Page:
See her entry, and that of her husband, in the Oxford DNB. Hers states: 'most memorably used her energies to found the National Association for Supplying Female Medical Aid to the Women of India, often known as the Countess of Dufferin Fund, in 1885.' 3pp, 12mo. Bifolium on grey paper. Addressed to ?Dear Miss Faithful? and signed ?H. Dufferin & Ava?. In good condition, lightly aged. Folded for postage. She thanks her for her ?kind note? and will be grateful for any help she can ?ever give with regard to my Fund?.

[Hugh Boyd McNeile, Dean of Ripon.] Autograph Letter Signed from France to a 'Brother', in recommendation of 'Monsr. Rossellot', who is coming to England to promote the Female Orphan Asylum at Orleans.

Author: 
Hugh Boyd McNeile (1795-1879), Dean of Ripon, controversial Anglican cleric, fiercely opposed to Tractarianism and Roman Catholicism [Rosselot; Orleans Orphanage]
Publication details: 
‘Paris 30 April 1842’.
£50.00

See his entry in the Oxford DNB. 2pp, 12mo. Bifolium with thin mourning border. In poor condition, aged, worn and discoloured, with chipping and closed tears, but text clear and complete. The recipient (‘My dear Friend’) is not named. The letter’s valediction reads: ‘Your’s my dear Brother / most affy. / Hugh McNeile’. (Whether or not McNeile’s actual brother is unclear.) He explains that the bearer of the letter, ‘Monsr. Rossellot’, is ‘the Pastor of a Protestant Church in Orleans’, and that there is ‘at Orleans a female Orphan Asylum, on behalf of which he is going to England’.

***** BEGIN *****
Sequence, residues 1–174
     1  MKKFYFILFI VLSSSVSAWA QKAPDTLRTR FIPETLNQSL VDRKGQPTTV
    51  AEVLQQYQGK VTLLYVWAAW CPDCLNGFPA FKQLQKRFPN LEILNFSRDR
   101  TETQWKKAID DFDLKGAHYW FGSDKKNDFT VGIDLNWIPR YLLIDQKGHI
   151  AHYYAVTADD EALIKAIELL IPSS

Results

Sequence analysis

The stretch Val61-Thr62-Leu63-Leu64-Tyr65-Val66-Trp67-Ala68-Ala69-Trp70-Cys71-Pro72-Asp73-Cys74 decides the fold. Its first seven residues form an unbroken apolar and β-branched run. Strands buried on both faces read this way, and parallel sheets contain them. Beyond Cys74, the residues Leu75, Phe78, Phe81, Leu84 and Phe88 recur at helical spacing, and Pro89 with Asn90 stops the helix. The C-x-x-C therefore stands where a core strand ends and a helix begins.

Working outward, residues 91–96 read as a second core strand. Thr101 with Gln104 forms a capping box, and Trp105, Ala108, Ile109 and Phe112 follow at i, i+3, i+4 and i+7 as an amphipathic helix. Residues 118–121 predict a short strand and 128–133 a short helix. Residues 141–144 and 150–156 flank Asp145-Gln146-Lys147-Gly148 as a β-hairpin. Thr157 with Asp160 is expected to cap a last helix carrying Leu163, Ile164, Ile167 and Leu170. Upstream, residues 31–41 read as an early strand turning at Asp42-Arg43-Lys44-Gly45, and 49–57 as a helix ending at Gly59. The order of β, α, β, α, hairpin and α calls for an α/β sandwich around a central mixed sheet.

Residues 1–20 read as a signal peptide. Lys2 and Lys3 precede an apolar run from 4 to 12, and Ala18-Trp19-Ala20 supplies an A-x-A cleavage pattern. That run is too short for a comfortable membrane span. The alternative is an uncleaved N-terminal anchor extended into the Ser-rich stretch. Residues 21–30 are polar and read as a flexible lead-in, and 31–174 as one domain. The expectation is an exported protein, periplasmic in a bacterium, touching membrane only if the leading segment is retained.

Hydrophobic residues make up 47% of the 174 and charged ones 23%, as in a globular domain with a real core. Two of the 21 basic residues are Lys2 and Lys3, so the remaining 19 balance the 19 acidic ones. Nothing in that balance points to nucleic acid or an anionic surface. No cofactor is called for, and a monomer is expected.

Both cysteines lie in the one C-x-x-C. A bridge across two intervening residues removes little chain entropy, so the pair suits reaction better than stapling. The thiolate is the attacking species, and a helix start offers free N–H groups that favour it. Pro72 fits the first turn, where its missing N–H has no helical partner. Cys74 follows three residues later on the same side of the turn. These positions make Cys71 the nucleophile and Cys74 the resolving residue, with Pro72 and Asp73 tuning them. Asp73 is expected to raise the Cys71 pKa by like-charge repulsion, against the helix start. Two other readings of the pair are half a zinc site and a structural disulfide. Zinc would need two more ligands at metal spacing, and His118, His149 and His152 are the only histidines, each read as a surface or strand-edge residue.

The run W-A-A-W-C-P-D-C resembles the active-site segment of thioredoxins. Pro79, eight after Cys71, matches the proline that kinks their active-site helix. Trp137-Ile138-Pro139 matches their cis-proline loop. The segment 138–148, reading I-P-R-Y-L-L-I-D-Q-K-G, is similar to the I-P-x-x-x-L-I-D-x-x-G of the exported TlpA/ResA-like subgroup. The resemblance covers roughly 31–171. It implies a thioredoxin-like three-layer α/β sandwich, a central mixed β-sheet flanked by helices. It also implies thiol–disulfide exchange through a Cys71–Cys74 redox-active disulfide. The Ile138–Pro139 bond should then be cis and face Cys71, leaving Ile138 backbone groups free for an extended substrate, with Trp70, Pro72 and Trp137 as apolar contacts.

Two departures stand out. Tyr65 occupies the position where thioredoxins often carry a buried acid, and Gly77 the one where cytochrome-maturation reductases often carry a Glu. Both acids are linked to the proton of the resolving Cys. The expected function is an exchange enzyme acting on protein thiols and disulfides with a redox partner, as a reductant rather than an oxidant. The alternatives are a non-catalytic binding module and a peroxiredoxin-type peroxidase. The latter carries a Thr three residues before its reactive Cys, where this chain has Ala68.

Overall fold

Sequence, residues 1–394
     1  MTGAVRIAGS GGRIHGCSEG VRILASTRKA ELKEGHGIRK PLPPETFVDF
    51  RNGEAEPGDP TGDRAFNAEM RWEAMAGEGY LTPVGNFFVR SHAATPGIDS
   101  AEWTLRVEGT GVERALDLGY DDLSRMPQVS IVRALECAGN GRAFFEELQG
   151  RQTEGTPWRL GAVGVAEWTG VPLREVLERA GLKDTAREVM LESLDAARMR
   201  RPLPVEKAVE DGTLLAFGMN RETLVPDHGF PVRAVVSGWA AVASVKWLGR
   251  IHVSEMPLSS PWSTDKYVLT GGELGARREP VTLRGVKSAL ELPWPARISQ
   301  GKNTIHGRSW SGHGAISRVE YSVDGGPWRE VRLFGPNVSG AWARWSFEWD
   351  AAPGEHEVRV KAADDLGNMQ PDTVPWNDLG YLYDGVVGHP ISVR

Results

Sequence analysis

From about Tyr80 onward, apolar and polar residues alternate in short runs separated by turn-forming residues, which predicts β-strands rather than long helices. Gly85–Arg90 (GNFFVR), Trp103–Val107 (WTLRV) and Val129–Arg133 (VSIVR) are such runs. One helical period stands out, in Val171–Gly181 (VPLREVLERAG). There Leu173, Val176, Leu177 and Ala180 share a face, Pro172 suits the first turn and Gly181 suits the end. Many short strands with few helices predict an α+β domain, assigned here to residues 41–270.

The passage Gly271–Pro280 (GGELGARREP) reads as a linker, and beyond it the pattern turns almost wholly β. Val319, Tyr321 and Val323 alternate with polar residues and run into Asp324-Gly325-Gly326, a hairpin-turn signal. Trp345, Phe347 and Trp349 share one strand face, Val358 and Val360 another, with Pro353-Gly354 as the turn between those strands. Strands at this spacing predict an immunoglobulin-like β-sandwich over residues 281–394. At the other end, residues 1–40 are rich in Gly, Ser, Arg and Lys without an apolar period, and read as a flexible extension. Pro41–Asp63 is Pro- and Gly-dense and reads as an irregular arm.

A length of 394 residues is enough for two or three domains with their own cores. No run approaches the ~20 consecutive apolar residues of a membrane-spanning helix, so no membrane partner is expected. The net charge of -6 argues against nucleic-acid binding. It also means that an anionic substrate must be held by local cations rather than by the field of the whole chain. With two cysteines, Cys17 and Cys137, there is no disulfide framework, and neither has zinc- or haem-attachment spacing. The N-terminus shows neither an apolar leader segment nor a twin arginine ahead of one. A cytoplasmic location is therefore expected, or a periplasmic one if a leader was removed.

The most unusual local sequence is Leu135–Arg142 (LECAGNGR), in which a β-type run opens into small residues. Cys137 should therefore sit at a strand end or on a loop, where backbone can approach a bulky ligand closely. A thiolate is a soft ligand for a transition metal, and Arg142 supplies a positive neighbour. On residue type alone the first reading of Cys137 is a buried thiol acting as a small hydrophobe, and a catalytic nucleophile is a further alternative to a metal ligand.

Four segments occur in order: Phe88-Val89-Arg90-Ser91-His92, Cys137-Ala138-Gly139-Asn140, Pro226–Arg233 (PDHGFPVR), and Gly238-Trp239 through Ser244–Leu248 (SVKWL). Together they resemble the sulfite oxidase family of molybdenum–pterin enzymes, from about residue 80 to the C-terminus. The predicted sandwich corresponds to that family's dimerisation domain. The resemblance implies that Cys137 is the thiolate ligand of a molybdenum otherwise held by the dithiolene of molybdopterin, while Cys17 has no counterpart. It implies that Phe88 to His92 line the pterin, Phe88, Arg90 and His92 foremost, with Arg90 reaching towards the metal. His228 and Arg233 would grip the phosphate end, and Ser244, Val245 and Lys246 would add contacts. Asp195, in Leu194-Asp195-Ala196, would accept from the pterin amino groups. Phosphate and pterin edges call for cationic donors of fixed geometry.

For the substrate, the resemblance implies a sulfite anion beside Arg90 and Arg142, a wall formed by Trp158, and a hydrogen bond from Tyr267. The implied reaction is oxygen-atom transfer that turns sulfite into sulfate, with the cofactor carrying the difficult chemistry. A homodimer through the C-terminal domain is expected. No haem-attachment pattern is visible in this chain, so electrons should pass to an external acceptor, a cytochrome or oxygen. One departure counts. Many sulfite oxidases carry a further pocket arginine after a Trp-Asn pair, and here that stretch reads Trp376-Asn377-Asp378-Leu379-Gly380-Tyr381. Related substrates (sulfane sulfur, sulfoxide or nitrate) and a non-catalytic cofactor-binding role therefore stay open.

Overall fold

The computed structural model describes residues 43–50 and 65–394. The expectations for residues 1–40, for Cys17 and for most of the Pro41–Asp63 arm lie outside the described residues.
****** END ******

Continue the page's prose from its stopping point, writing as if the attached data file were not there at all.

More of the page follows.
[Henry Reeve, editor of the Edinburgh Review for four decades.] Autograph Letter Signed [to the publisher Alexander Macmillan] regarding books he intends to review by Lady Godon Duff and J. R. Seeley.

Author: 
Henry Reeve (1813-1895), editor of the Edinburgh Review from 1855 to his death, Registrar of the Privy Council, 1843-1887 [Alexander Macmillan (1818-1896), publisher]
Publication details: 
11 May 1866. On embossed letterhead of the Privy Council Office [Whitehall].
£120.00

See his entry in the Oxford DNB. 2pp, 12mo. In good condition, lightly aged. The recipient (‘Dear Sir’) is not named, but is presumably Alexander Macmillan (see Oxford DNB), the publisher of the two books referred to in the letter, which he seems to have sent for review. The letter is signed ‘H Reeve’. Folded for postage. He begins by thanking him for sending copies of ‘Lady Duff Gordon’s Letters [from Egypt]’ and ‘Ecce Homo’ [‘a survey of the life and work of Jesus Christ’ by J. R. Seeley], which he has ‘already read with great interest’.

[ A. E. W. Mason, English novelist, author of ‘The Four Feathers’.] Typed Note Signed to Rosemary Barron, responding to a request for an autograph.

Author: 
A. E. W. Mason [Alfred Edward Woodley Mason] (1865-1948), hugely-popular English novelist, playwright and screenwriter, author of ‘The Four Feathers’ and creator of Inspector Hanaud
Publication details: 
9 August 1927. On letterhead of New Grove, Petworth, Sussex.
£50.00

Mason was, according to E. V. Lucas, ‘famous in both hemispheres’. His entry in the Oxford DNB ends with this assessment: ‘His books were best-sellers for fifty years, and the films made from them, notably The Drum (1938), for which he wrote his own scenario, and The Four Feathers (1939), were among the most popular in their time.’ 1p, 12mo. In good condition, lightly aged. Folded twice for postage. The valediction is in Mason's autograph: 'Yours sincerely / A. E. W. Mason'.